2013 Michael Whincop Memorial Lecture
Beyond Government: Renewing Civil Society in the 21st Century
Tim Costello AO
After the postwar social democratic consensus and the collapse of communism, neo-liberal economics swept the world. Then came Clinton, Blair, communitarianism and the Third Way.
As Australia emerges from a period of exceptionally intense political turmoil, Tim Costello will unpack the limits of government action and explore the new demands falling on civil society. Nationally and globally, civil society needs to take stock and create new and radical strategies that will help communities toward rewarding, just and sustainable ways of living together.
Tim Costello is one of Australia’s most sought after voices on social justice issues, leadership and ethics, having spearheaded public debates on gambling, urban poverty, homelessness, reconciliation and substance abuse.
Since 2004, as Chief Executive of World Vision Australia, Tim has also been instrumental in ensuring that the issues surrounding global poverty are placed on the national agenda.
His passion for justice and for helping to alleviate the suffering of poor communities in the developing world quickly became evident when the devastating Asian tsunami struck on Boxing Day, 2004. The leadership he showed at the time helped to inspire an unprecedented outpouring of generosity from the Australian public, with World Vision Australia raising more than $100 million for tsunami relief.
Tim currently serves as Chair of the Community Council of Australia, the Australian Churches Gambling Taskforce and the National Australia Bank’s Social Responsibility Advisory Council. He has also served on numerous boards and committees, including the Alcohol Education and Research Foundation, the Australian National Development Index, the Business for Millennium Development, the Australian Council for International Development and as co-chair of Make Poverty History.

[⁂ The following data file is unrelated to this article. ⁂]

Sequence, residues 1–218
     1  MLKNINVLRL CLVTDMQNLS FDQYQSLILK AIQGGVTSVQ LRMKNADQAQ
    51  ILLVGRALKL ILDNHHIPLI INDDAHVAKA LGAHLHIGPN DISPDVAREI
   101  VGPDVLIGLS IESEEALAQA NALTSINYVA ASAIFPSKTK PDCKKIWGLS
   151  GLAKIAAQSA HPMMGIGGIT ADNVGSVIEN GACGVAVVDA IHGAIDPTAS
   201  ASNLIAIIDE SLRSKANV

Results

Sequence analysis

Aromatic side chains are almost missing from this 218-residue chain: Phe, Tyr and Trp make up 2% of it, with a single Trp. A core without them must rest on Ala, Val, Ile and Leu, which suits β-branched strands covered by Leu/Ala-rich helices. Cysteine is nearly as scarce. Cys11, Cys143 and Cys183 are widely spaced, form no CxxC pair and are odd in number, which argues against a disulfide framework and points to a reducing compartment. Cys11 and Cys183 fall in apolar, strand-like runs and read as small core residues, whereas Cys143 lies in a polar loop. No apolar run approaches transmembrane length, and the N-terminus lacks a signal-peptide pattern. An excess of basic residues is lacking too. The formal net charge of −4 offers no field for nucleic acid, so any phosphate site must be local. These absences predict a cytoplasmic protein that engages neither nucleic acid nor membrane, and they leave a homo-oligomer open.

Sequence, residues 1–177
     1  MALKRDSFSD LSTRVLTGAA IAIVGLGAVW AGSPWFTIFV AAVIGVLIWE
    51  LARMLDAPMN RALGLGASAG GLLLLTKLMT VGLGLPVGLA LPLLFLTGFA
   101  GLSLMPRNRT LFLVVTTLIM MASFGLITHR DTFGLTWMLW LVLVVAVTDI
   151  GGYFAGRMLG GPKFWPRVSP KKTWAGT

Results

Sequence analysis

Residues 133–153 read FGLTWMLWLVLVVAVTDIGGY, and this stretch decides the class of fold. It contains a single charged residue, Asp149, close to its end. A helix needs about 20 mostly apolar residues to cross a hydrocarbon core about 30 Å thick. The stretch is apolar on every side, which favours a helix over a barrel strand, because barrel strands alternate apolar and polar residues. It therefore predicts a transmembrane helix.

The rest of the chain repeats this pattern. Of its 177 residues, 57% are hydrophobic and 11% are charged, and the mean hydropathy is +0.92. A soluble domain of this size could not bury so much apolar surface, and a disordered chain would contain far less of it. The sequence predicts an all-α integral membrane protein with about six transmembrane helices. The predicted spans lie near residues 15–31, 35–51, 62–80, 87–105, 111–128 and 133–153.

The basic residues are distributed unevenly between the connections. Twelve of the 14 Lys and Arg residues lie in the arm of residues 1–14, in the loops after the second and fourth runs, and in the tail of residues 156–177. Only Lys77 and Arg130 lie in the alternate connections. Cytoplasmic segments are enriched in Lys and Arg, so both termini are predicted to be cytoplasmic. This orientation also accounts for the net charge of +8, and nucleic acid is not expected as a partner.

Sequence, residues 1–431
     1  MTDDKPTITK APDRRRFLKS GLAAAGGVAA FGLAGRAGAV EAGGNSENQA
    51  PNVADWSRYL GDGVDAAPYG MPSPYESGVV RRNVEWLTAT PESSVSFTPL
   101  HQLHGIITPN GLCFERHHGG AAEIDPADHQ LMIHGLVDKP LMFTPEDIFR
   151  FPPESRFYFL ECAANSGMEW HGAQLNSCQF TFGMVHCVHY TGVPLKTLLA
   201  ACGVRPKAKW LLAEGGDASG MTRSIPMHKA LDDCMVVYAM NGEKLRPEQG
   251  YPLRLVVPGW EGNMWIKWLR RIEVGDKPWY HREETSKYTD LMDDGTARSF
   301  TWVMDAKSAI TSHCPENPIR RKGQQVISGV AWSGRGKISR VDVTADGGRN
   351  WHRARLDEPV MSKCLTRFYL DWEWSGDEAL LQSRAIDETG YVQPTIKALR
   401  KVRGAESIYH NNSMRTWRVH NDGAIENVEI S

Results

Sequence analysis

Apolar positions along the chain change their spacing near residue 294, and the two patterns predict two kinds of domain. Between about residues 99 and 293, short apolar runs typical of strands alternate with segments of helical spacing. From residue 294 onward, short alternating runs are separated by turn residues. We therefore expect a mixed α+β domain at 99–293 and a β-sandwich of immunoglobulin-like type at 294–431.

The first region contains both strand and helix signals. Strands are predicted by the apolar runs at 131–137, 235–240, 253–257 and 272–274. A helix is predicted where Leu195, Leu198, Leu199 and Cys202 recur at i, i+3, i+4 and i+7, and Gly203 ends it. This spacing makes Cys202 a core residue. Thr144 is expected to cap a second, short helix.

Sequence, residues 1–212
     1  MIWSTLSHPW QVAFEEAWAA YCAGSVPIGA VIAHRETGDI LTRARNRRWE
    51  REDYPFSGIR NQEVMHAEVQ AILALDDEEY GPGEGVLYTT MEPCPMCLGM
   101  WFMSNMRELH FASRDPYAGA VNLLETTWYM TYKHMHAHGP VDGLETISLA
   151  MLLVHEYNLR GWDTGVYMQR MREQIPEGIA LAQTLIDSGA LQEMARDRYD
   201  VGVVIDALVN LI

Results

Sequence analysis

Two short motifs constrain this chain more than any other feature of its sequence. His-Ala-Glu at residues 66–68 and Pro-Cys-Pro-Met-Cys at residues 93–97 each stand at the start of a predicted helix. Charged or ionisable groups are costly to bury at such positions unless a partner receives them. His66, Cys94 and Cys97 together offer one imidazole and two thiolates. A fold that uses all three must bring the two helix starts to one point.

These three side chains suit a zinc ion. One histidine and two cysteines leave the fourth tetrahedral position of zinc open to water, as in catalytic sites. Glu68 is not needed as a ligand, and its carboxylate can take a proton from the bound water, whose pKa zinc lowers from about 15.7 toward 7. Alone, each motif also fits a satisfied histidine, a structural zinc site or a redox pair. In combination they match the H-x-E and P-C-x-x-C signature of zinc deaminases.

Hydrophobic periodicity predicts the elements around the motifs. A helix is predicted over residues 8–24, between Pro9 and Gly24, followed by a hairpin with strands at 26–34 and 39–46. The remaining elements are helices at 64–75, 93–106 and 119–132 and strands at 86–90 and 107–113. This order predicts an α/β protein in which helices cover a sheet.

Tim was a delegate to the 1998 Constitutional Convention and chaired the Communities and Families stream at the Australia 2020 summit held in 2008.
Prior to joining World Vision Australia, Tim served as Minister at the Collins Street Baptist Church in Melbourne, and as Executive Director of Urban Seed, a Christian not-for-profit outreach service for the urban poor. Between 1999 and 2002 he was also National President of the Baptist Union of Australia.
After ordination as a Baptist Minister in 1984, Tim established a vibrant and socially active ministry at St Kilda Baptist Church between 1986 and 1994. In 1993, was elected as Mayor of St Kilda.
Tim studied economics, law and education at Monash University, followed by theology at the International Baptist Seminary in Rueschlikon, Switzerland. He also received a Masters Degree in Theology from the Melbourne College of Divinity. He also holds an Honorary Doctorate from the Australian Catholic University.
In 2004, Tim was named Victorian of the Year; in June 2005 he was made an Officer of the Order of Australia (AO); and in 2006 was named Victoria’s Australian of the Year.
His books include Another Way to Love (co-edited with Rod Yule); Streets of Hope: Finding God in St Kilda; Tips from a Travelling Soul Searcher; and Wanna Bet? Winners and Losers in Gambling’s Luck Myth (co-written with Royce Millar).
Tim and his wife Merridie have three adult children, Claire, Elliot and Martin.
About The Michael Whincop Memorial Lecture Series
The Michael Whincop Memorial Lecture was inaugurated in 2004 to honour the contribution that the late Professor Michael Whincop made to the development of legal scholarship. The lecture series aims to celebrate Michael's commitment to research excellence and innovation.
Professor Michael Whincop (1968-2003)
Professor Michael Whincop was a leading Australian and international scholar, particularly in the areas of economic analysis of law and company law. He joined the Griffith Law School in 1994 as a Lecturer and was promoted three times within only eight years, being promoted to Full Professor in 2002 at the age of 33.
Michael researched in a wide range of areas and published very extensively. He made substantial contributions to the development of the Griffith Law School, particularly in establishing its research reputation and in implementing its policies concerning excellence in teaching and learning.
Michael’s well-organised approach to teaching and his dry wit is fondly remembered by his former students.